tabby cat sitting on the jute wicker rug
Image Credit by: evrymmnt, Shutterstock

Tips for Helping Cats Get Along

  • Start by allowing unfamiliar cats to sniff each other under a door or through a crack so they can get familiar with each other without coming face to face, which can often lead to aggressive behavior and raise tension.
  • Gradually swap their bedding or toys to familiarize them with each other’s scents before a face-to-face meeting.
  • Ensure that all cats have enough resources: food, water bowls, litter trays, beds, high resting places, private areas, scratching posts, and toys. Make sure there is easy access to these resources to minimize competition and territorial disputes.
  • Provide each cat with a designated safe space where they can retreat if they feel stressed or overwhelmed.
  • Reward positive behavior with treats and praise. Reinforce good interactions between the cats to create positive associations with each other.
  • Using a shared scent, such as a communal blanket or toy, can promote a sense of unity among the cats.
  • Allow the cats to engage in parallel play, where they play with similar toys or in the same area without direct interaction.
  • Ensure that each cat receives individual attention and affection to help prevent jealousy and reduce the likelihood of one cat feeling neglected.
  • Building relationships between cats takes time. Be patient, and let the cats establish a hierarchy and comfort levels gradually.

Tips for Preventing Loneliness in Cats

Making your home cat-friendly will have an extremely positive impact on your cat’s happiness and well-being.

  • Provide a variety of interactive toys that stimulate your cat’s mind and body, such as puzzle feeders, electronic motion toys, and feather wands, to keep them entertained and engaged, thus reducing boredom and loneliness.
  • Provide climbing structures like scratching posts and window perches that enable them to observe the outside world.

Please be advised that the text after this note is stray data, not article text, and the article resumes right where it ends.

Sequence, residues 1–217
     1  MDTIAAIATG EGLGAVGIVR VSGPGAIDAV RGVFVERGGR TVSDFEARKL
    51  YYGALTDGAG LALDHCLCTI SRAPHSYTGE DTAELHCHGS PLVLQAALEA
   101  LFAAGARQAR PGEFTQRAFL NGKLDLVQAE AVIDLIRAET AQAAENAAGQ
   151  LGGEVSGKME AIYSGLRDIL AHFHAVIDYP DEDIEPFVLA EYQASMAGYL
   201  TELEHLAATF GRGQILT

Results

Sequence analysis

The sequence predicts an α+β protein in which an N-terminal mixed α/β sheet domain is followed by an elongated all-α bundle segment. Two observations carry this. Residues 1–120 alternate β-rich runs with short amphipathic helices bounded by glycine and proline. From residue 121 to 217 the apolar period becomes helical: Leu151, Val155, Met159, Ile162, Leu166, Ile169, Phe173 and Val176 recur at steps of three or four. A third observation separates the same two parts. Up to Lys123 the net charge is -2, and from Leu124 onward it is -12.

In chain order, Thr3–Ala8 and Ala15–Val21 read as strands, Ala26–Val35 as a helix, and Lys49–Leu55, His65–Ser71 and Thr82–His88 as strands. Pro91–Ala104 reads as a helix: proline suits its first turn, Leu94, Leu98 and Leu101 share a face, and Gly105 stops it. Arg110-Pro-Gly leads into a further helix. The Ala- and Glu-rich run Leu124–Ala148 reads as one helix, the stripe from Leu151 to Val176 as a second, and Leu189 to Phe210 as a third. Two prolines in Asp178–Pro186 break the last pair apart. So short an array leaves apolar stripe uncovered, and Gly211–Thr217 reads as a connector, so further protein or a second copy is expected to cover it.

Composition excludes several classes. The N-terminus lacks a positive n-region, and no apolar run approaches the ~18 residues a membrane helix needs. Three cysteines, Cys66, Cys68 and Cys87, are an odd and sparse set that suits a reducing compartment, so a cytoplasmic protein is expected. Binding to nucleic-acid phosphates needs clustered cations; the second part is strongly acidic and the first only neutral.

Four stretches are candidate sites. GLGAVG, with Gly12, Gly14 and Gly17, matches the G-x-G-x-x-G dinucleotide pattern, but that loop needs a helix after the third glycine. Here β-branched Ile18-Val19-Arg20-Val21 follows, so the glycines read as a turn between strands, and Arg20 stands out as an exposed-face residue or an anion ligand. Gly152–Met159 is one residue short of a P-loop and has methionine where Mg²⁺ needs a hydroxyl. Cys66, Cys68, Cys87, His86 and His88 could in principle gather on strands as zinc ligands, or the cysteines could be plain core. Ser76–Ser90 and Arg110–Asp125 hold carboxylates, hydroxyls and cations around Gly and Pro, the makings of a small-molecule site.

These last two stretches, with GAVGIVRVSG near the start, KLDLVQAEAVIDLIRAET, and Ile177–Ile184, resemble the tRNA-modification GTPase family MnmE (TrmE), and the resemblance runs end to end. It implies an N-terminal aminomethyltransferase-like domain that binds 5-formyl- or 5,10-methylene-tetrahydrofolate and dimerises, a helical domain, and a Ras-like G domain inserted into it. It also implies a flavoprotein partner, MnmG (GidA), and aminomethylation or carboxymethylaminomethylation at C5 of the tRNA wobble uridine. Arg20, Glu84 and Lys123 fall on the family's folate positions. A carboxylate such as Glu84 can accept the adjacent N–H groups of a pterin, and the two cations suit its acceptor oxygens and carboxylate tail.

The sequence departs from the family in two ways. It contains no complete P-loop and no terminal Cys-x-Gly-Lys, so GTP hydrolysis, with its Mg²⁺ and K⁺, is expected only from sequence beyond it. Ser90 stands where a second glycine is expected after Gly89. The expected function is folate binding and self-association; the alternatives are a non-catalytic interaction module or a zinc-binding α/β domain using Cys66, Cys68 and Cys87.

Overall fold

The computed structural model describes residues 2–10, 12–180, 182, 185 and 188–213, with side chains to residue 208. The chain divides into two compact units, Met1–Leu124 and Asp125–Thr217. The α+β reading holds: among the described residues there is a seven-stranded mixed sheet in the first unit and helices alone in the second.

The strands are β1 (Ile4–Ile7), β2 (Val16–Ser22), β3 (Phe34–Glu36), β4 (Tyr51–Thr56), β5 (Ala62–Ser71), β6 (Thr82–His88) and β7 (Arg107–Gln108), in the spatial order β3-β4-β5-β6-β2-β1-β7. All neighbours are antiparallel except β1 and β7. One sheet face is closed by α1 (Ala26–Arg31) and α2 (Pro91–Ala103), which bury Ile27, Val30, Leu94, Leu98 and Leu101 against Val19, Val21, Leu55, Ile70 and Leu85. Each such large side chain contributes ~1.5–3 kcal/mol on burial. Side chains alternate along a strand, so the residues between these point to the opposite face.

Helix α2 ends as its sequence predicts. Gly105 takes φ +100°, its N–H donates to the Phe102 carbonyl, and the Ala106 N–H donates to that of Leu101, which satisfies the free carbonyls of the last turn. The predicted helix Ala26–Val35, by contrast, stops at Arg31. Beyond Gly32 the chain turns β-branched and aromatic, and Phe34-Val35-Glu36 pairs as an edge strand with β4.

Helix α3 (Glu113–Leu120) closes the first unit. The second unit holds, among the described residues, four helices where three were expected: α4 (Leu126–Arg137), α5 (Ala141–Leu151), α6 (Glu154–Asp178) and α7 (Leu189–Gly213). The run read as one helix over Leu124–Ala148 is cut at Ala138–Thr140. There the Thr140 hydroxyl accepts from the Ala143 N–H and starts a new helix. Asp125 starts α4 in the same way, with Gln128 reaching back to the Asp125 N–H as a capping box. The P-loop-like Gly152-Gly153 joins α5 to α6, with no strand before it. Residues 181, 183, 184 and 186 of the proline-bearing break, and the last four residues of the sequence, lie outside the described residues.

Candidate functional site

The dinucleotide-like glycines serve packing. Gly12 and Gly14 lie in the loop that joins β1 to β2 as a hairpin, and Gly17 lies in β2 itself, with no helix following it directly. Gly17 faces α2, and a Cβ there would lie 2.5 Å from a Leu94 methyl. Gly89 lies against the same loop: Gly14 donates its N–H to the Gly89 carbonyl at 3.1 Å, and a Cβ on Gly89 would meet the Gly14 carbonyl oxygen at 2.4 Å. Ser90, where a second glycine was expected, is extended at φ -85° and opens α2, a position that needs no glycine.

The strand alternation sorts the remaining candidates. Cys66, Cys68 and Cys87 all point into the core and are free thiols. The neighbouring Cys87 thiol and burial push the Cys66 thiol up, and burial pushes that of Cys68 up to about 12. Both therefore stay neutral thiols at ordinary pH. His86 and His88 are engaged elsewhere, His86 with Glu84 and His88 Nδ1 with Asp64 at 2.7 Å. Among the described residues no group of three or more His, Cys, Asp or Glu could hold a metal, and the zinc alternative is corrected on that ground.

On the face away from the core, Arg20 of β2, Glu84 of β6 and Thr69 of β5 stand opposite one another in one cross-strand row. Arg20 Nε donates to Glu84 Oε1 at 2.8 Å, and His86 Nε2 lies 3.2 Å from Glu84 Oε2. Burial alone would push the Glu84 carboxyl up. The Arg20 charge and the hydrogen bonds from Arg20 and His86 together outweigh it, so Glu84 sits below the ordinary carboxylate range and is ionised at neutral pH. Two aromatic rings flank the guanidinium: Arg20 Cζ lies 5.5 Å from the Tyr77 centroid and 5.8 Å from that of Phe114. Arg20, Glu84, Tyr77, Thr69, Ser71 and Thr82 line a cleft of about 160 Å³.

• If it’s safe and appropriate for your location, set up a secure outdoor space where your cat can explore.
  • Some cats enjoy calming music or the sound of nature, which can create a soothing atmosphere and reduce stress.
  • Establish regular feeding times, play sessions, and grooming routines to create a schedule that your cat can rely on.
  • Regular grooming keeps your cat’s coat healthy and provides an opportunity for bonding.
  • If your cat consistently exhibits signs of loneliness, consider adopting another cat.
  • If you notice significant changes in your cat’s behavior or suspect loneliness is affecting their well-being, consult with a veterinarian to rule out any underlying health issues or to seek guidance.

Our Favorite Cat Toys Right Now

Here are a some of our favorite toys, each catering to a variety of senses and play preferences. Which one will your feline fancy? 

Hepper Mouse kicker toy Hepper Furballs
Hepper Plush Mouse Kicker Toy Hepper Furball Toy Set
Multisensory :
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Encourages self play
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Set of 2
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Cats’ social structures are flexible, and they can happily live as only cats or form tight bonds with others. Cats that are used to social interactions with other cats can get lonely if they are deprived of this interaction. However, not all cats necessarily need or desire the company of other felines. Depending on their personality, some cats will be more open to the company of other cats than others. If they are hesitant, you will need to introduce them slowly and have patience when bringing a new feline into your household. Most likely, a cat won’t mind being the only cat as long as they get plenty of attention from their owner, but they will form strong bonds with other pets over time if they are around, and they will likely mourn if something happens to them.

Featured Image Credit: medveda, Shutterstock